A progressive Pride flag is currently being flown on the community flag pole outside of town hall.Isabel Buckmaster, Local Journalism Initiative Reporter

MINTO – Emotions were running high Tuesday night as almost 100 people witnessed Minto council’s unanimous approval of a new commemoration policy, including the flying of Pride flags, despite some calls for ‘neutrality’ in public spaces. 

Calling the policy “a fair solution” that considers both sides in favour or opposed to a community petition for “neutral” public spaces, Mayor Dave Turton said councillors met with their solicitor during the meeting’s closed session and all agreed it “upholds Minto’s vision to be a community where all families belong.” 

A group of residents previously came to council with a petition claiming more than 900 residents want town crosswalks to be painted to standard and the only flags to be flown on public property or at public facilities to be largely restricted to the Canada flag, Ontario flag and the Town of Minto flag. 

Since the petition was unveiled, town staff said they’ve received hundreds of letters and emails on both sides of the issue. 

“In offering the opportunity for commemoration programs through this commemoration policy, the town has attempted to balance a variety of community interests … (and) cannot support a bylaw to ensure crosswalks and flags, banners on public property remain neutral,” said Turton, greeted by applause from half the gallery. “(Council) as outlined in our new strategic plan will support the community vision that the town of Minto is a progressive rural community where all people are welcome.”

Listing some of their past projects including the installation of a permanent rainbow crosswalk in Harriston in 2022 and a recent fundraiser for several light post banners during their presentation on the importance of Pride, several members of the Minto Pride committee thanked council for its ongoing support and shared some personal anecdotes during the meeting. 

“All of those small pieces (of support) go towards building a safe, inclusive and accepting community,” said the committee in their presentation. “It makes people feel like they can be themselves without needing to leave Minto…(and), in the face of discrimination or hatred, it lets people know they are not alone. They have support here.” 

Referencing the ongoing vandalism of Pride decorations in Minto including the destruction of banners along Main Street in Palmerston last week, the committee argued that while the decorations “may seem trivial,” they signify to 2SLGBTQIA+ residents that they’re welcome and discrimination won’t be tolerated. 

They also sought to clear up ‘misconceptions’ shared during previous delegations to council about neutrality, saying sexuality isn’t a “choice,” their identities are not “alternative lifestyles,” Pride flags don’t push sexuality or sex, educating children on Pride doesn’t endanger them and celebrating Pride doesn’t take away from any other initiatives, groups or identities, they said.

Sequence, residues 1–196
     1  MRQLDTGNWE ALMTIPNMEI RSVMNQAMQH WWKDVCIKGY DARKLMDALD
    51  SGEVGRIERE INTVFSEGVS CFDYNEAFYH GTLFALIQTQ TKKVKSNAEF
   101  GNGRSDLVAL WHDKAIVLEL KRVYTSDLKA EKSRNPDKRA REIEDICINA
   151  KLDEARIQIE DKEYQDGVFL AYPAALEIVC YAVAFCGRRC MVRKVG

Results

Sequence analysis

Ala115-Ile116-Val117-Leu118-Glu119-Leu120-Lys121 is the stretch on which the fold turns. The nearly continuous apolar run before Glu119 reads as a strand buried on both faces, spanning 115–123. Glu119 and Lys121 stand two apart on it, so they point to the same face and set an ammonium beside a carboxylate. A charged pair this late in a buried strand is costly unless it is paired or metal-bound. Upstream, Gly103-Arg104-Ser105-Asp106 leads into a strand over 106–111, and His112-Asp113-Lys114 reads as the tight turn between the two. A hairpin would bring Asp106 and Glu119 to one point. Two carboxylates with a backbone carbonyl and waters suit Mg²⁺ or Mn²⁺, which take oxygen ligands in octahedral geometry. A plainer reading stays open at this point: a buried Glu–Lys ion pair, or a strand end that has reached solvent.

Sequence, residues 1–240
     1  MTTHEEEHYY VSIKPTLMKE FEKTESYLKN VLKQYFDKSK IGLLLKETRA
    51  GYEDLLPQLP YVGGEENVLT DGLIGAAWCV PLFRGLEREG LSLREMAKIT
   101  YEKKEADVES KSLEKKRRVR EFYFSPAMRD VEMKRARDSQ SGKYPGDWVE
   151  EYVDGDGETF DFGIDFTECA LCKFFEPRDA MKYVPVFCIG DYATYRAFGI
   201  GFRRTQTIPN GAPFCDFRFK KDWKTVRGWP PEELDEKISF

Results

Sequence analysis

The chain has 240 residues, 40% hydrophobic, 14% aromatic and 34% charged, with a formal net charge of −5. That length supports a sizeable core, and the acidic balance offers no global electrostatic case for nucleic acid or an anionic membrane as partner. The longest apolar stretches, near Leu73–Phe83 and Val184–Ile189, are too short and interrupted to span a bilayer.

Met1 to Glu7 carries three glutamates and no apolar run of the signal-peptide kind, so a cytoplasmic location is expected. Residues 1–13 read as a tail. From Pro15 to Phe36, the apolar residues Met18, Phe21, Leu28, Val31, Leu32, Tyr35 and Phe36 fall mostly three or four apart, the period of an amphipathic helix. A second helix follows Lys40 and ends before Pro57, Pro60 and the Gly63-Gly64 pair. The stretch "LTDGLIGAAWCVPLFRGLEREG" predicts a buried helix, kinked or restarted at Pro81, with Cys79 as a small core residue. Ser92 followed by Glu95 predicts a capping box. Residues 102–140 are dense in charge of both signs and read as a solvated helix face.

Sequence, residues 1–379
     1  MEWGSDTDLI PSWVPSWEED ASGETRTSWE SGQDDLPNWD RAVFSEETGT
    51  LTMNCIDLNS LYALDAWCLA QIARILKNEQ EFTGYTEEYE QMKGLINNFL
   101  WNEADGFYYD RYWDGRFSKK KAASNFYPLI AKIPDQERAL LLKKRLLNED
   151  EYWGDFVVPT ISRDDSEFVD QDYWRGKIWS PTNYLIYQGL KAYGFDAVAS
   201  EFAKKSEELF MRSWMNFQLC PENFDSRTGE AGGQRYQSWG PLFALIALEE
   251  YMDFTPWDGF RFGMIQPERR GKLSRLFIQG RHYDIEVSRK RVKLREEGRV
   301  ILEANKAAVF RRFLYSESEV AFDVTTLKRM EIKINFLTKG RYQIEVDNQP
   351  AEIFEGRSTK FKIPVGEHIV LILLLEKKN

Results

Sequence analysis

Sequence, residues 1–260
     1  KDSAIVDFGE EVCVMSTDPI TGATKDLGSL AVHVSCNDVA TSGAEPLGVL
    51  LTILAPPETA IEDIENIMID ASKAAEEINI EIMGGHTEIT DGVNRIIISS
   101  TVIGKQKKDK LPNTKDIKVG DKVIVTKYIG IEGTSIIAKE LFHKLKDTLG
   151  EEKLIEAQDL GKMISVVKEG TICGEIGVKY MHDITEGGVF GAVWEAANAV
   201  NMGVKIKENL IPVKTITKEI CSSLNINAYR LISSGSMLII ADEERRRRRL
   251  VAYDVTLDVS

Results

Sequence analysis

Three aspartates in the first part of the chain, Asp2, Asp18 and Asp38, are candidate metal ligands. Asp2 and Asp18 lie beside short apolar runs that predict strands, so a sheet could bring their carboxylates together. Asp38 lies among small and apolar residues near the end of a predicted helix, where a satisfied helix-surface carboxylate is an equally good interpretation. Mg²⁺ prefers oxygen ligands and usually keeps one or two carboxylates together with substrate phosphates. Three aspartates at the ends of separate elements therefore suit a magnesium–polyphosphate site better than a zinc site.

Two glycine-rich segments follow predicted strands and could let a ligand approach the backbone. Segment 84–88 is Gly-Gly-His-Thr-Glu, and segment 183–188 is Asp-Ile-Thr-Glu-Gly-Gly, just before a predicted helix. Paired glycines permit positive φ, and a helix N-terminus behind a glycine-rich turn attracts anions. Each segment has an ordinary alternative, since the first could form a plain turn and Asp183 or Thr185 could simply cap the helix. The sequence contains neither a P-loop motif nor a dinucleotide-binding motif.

Another delegate and committee member, Samantha Greer later shared some statistics she felt shed light on the importance of visible Pride in rural areas and encouraged the pro-neutrality supporters to educate themselves. 

“We are proud not only to be who we are but to call Minto home,” said the committee. “We believe there is beauty in diversity, and that our efforts in June take away nothing from the other amazing causes and groups in our wonderful area. We are happy to celebrate and acknowledge them as well. More, not less, is what keeps our community growing and thriving.” 

The neutrality party later used the council’s question period to respond to the Pride Committee delegation and question the legitimacy of the pro-Pride letters and statistics shared about 2SLGBTQIA+ youth. 

“Homosexuality has been around since the beginning of time, my question (is) does that make it right,” said Minto resident Glen Meyer. “Murder has been around … but we don’t condone it or say it’s okay or support it. Homosexuality is a gross sin.” 

Shouting “amen” following Meyer’s delegation, Dan Sinclair requested a community vote and said “dictatorships always rule” following council’s approval of the new commemoration policy.

“Why are you so afraid to have a (community vote) over this extremely controversial issue?” Sinclair asked council during the question period. “Allowing the community, the taxpayers to decide unbiasedly what they want.” 

Turton said as elected officials, the municipal council is tasked with making decisions on behalf of the community. 

CAO Gregg Furtney said a referendum would be costly for the town if implemented. 

By Isabel Buckmaster, Local Journalism Initiative Reporter

Original Published on Jun 19, 2024 at 08:48

This item reprinted with permission from   GuelphToday.com   Guelph, Ontario
Comments are Welcome - Leave a reply below - Posts are moderated